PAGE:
I planned ahead – and got a good deal
It’s time to jet-off on holiday – celebrate! – but don’t forget to think about getting currency to use at your destination.
The eZonomics article What is … travel money explains there can be two costs associated with changing money from one currency to another: a fixed commission fee and the actual exchange rate itself.
Moreover, where money is changed matters. The article says holidaymakers will typically get a better deal by shopping around for a good deal in their high street rather than buying last-minute cash in an airport. It is similar to the argument used by economist Tim Harford in his book The Undercover Economist to explain that coffee from kiosks in train stations cost more than from shops in nearby streets because of their location. For bureaux de change in airports the same rationale applies – if you are about to catch a plane, your options are limited.
Vacationing at home – known as the “staycation” – or within the same currency area (such as the Eurozone) will avoid the issue.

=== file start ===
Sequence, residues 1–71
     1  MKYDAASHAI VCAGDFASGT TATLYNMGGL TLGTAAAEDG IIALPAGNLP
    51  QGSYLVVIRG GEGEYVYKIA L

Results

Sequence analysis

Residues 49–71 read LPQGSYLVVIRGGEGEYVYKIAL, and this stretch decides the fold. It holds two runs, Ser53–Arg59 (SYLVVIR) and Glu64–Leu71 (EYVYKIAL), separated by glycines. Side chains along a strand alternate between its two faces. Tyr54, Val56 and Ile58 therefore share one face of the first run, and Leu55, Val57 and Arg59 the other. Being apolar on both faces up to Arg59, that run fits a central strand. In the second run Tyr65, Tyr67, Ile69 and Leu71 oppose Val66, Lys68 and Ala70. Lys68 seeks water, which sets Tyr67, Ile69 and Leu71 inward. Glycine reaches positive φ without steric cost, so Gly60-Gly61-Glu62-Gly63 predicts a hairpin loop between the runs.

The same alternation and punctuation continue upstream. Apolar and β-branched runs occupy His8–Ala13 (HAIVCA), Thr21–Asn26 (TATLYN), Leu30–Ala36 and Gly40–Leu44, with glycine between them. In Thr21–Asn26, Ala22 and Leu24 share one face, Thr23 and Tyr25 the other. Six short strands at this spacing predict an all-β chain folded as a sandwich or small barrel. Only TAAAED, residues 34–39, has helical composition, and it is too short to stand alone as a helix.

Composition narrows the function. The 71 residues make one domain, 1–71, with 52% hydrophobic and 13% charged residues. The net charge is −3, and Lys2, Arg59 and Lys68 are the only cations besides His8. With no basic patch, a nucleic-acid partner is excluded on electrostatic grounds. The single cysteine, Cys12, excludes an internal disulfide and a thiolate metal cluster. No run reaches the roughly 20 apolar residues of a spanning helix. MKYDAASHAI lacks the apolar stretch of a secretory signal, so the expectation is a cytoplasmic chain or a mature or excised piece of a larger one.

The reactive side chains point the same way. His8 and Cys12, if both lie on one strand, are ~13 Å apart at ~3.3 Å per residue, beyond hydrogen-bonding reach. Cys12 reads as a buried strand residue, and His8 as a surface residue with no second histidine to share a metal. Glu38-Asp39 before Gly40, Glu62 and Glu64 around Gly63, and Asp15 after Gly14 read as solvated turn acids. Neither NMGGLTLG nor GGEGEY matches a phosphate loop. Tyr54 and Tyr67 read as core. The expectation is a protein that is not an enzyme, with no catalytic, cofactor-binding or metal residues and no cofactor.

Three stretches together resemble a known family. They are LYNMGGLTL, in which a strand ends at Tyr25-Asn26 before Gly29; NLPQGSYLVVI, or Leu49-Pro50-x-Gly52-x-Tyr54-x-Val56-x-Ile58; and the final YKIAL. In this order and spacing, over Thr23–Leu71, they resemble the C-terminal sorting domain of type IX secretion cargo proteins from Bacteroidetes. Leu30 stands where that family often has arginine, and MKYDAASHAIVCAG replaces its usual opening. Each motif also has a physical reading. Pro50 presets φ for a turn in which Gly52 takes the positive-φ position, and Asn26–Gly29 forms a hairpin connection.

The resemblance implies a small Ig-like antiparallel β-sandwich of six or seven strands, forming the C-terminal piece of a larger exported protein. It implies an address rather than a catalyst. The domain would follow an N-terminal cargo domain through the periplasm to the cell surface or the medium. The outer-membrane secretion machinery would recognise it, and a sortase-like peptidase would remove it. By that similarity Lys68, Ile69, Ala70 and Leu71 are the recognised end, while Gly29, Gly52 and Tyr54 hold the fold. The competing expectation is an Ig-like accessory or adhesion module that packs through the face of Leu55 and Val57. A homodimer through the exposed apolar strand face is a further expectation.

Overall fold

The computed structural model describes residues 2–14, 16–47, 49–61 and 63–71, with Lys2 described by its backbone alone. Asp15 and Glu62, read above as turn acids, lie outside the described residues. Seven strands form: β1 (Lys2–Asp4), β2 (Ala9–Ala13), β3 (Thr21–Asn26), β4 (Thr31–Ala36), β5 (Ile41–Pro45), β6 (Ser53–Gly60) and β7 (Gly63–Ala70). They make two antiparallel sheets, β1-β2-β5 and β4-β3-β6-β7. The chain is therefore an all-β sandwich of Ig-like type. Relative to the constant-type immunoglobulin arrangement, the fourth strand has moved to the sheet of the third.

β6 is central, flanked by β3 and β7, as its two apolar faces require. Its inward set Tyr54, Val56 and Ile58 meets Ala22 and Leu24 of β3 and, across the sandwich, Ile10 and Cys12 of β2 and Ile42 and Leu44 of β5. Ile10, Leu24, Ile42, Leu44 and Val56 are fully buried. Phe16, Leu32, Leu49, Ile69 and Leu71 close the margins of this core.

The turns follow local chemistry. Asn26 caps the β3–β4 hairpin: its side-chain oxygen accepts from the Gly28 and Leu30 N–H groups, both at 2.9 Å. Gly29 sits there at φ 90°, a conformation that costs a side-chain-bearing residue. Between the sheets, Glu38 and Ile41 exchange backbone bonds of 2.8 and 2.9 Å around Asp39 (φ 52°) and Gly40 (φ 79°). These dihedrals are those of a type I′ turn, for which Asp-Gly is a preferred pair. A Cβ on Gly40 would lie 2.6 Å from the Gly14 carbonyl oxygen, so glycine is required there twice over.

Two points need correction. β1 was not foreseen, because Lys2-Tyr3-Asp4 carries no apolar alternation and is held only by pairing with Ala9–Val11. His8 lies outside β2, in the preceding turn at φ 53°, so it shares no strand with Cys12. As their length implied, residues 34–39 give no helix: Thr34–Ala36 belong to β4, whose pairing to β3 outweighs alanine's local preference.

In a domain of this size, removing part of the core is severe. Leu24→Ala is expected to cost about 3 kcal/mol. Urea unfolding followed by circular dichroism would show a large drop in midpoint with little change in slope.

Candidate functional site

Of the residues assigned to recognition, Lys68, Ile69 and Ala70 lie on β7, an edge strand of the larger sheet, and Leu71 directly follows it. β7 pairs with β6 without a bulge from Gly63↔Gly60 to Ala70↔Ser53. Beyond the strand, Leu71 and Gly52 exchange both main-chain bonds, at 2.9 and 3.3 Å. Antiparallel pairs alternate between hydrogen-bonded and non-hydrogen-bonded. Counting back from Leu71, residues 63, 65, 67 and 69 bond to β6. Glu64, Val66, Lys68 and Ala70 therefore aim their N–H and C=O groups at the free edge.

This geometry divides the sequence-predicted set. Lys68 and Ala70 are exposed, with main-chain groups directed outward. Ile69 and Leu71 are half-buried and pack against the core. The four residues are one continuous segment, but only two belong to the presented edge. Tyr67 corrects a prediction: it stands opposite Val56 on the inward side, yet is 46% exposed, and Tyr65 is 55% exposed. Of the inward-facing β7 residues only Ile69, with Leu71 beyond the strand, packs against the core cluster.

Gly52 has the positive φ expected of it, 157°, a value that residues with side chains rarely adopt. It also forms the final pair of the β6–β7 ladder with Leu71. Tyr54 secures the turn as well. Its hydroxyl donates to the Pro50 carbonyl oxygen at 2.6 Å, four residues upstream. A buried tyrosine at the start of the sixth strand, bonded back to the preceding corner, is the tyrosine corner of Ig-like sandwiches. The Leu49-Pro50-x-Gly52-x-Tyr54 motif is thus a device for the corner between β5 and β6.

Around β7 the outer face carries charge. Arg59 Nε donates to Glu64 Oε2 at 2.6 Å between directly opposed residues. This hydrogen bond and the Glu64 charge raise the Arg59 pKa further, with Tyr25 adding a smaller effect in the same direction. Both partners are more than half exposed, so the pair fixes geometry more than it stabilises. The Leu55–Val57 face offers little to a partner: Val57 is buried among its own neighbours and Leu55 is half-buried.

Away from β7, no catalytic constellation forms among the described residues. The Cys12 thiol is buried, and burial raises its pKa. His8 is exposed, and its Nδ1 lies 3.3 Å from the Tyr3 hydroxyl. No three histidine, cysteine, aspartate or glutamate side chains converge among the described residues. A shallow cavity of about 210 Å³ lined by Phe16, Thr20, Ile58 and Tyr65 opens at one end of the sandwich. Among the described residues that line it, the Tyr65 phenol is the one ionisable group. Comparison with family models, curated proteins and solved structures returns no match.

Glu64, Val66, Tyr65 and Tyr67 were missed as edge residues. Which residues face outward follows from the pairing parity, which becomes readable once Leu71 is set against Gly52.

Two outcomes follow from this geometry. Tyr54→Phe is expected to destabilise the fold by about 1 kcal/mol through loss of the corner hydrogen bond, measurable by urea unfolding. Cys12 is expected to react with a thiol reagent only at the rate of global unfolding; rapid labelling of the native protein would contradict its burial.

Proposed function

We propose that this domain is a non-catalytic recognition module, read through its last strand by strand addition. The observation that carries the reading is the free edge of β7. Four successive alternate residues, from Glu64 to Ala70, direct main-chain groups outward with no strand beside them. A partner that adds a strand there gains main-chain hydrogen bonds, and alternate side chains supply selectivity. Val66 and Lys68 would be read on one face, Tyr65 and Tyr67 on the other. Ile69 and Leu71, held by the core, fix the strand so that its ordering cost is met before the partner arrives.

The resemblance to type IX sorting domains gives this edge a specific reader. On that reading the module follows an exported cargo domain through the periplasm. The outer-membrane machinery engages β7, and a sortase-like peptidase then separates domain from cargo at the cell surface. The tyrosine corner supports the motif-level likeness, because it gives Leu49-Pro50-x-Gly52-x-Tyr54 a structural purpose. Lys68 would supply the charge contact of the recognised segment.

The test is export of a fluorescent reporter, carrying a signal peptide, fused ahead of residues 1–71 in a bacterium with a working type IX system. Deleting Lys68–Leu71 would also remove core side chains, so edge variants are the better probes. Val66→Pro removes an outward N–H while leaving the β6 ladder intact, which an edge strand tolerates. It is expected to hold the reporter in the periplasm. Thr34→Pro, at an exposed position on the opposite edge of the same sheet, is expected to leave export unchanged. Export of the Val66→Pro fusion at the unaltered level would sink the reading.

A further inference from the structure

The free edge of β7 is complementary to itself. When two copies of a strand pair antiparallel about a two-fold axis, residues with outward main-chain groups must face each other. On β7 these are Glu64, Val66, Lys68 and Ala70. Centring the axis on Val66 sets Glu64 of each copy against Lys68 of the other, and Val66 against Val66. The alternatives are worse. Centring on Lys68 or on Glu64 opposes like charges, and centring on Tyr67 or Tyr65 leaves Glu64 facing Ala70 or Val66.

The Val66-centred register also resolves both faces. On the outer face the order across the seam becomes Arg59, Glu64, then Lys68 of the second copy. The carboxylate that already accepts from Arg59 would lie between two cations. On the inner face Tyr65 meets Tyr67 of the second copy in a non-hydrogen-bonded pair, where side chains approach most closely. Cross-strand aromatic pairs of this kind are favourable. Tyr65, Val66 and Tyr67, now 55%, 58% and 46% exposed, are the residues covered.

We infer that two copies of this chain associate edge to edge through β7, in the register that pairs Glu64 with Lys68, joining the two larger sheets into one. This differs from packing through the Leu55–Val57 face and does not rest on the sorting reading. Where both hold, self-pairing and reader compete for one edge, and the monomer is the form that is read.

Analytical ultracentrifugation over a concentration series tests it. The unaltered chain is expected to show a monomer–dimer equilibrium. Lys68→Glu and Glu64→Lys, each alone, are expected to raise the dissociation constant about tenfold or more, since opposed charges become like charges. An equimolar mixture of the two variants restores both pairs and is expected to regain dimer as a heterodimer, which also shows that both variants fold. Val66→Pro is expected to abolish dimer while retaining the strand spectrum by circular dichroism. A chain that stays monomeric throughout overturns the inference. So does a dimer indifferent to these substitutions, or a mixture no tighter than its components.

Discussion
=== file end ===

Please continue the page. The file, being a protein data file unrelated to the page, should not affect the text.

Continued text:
Build a holiday fund
Last minute escapes can be great and so can planning ahead. In fact, Psyblog says that studies suggest “we get enormous amount of pleasure from looking forward to good things in the future”, so planning a holiday in advance, and budgeting for it, might boost the enjoyment of a holiday even more.
To budget for a holiday, figure out where you want to holiday and how long for and work out the expected cost (including travel, dining out, accommodation and sightseeing). If travelling somewhere that uses a currency different to your own, build in a margin for currency fluctuations. Consider setting up a dedicated bank account in which to deposit set sums regularly until the savings target is reached. Giving the account a specific name - such as "Scuba diving in the Maldives" - makes the purpose clear and may even encourage you to save more.